The Loss of an Hour


“There is a time for everything, and a season for every activity under heaven.” Ecclesiastes 3:1

Last November, I wrote about the gift of an hour.  Now we have to give it back.  You’d think losing an hour would be a real downer, but Daylight Savings Time has a redeeming quality: it’s a sign that spring is coming.  In light of that good news, it’s hard to get too worked up about moving the clock ahead.  Time is fleeting, after all.

Back in the day, when the kids were little and we homeschooled, we had a really long timeline up on the wall, covering 1400 A.D. to 2000 A.D.   It wrapped around the dining room and continued down the hallway and back entryway.  When we moved to a different house, the timeline went all the way around our big open basement.  The kids added all kinds of visual reminders to the one-of-a-kind border depending on what they were studying, whether it was history, science or literature.  As the years went on, the timeline filled up and became a real work of art that summarized twelve years of educating four kids.  I found it ironic that our last kiddo joined the ranks in public school in 2000, the year our timeline stopped.  The day my baby walked down the street to his new school with his new backpack, I took down the timeline.  It was a very emotional day for me.  This is what I wrote:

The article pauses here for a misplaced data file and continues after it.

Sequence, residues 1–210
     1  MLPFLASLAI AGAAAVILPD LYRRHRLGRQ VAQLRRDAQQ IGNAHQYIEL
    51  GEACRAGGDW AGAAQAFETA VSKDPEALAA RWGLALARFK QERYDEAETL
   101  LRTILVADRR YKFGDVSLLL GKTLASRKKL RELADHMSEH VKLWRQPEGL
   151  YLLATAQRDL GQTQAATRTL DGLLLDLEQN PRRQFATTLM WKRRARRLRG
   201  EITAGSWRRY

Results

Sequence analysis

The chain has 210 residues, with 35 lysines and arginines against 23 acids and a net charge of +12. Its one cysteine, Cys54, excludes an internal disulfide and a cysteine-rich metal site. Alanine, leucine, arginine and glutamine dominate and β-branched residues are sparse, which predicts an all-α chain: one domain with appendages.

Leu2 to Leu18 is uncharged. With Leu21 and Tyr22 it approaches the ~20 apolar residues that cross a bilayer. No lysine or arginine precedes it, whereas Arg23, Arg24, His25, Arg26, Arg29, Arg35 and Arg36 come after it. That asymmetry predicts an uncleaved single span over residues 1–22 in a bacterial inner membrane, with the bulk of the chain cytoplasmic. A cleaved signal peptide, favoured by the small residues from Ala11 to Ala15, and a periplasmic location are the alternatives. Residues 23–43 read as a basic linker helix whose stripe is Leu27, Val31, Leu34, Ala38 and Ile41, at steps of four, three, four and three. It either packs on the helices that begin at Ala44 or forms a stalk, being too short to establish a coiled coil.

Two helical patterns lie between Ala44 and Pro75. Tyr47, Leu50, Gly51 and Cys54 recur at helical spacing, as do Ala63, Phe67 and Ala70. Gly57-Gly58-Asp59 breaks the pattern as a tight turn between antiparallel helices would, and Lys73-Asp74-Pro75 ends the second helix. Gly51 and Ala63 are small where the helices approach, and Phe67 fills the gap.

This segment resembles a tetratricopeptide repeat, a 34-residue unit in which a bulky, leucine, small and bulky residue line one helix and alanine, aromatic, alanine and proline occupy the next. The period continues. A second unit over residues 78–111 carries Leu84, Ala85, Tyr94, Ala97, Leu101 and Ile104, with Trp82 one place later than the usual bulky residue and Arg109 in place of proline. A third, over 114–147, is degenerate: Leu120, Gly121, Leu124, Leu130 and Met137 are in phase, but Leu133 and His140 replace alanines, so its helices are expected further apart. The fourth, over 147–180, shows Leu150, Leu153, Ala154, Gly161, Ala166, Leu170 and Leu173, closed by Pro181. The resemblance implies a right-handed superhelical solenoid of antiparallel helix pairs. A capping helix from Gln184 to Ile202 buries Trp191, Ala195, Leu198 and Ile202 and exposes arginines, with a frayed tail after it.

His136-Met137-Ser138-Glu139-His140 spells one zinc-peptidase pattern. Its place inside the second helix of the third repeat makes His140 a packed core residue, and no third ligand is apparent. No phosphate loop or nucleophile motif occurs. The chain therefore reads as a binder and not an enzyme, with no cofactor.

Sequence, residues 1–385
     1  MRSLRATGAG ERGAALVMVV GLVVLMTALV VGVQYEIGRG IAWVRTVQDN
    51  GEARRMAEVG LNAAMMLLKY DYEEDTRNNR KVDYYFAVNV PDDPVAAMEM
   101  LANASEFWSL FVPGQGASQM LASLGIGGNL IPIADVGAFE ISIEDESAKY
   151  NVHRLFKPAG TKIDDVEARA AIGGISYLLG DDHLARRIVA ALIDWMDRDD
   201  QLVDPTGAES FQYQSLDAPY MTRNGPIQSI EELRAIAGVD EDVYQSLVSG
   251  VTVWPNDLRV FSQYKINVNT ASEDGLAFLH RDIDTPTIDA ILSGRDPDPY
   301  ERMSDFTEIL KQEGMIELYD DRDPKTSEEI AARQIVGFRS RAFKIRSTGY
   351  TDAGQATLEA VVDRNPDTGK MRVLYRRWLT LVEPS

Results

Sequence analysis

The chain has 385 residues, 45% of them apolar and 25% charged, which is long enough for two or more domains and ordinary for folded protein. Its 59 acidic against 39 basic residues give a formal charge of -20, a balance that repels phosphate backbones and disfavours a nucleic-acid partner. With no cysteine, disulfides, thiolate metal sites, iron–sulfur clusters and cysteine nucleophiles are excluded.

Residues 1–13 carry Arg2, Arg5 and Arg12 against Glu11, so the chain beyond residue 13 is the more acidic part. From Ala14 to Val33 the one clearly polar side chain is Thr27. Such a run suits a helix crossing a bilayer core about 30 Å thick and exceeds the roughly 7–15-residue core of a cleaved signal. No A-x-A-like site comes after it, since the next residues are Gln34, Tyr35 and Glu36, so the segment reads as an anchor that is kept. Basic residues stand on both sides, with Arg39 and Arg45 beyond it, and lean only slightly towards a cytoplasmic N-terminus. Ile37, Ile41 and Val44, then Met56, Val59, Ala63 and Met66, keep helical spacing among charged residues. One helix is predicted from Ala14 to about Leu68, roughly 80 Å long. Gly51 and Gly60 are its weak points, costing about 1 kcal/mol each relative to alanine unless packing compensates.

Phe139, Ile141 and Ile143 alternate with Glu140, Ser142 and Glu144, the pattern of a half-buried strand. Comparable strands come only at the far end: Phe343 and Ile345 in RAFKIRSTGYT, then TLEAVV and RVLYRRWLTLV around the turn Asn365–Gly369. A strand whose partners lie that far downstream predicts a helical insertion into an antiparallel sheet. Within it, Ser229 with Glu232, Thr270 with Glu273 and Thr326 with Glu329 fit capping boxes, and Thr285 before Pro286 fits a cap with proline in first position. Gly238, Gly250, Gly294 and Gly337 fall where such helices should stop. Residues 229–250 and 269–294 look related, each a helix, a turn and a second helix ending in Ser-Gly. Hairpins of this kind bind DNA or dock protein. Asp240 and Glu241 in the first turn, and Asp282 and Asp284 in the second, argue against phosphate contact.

“It’s the end of the line.  The end of the timeline, that is.  Six hundred years wrapped around our family room.  Four children’s educations wrapped around my heart.  K’s renaissance people and famous Americans….  S’s world wars and sports heroes….  A’s presidents and favorite authors….  J’s inventions and discoveries…  It’s all rolled up (I feel it in my stomach).  The wall is so bare (I feel it in my heart).  It’s the end of our line of time.”

Time is fleeting.  So losing one hour?  Not such a big deal!

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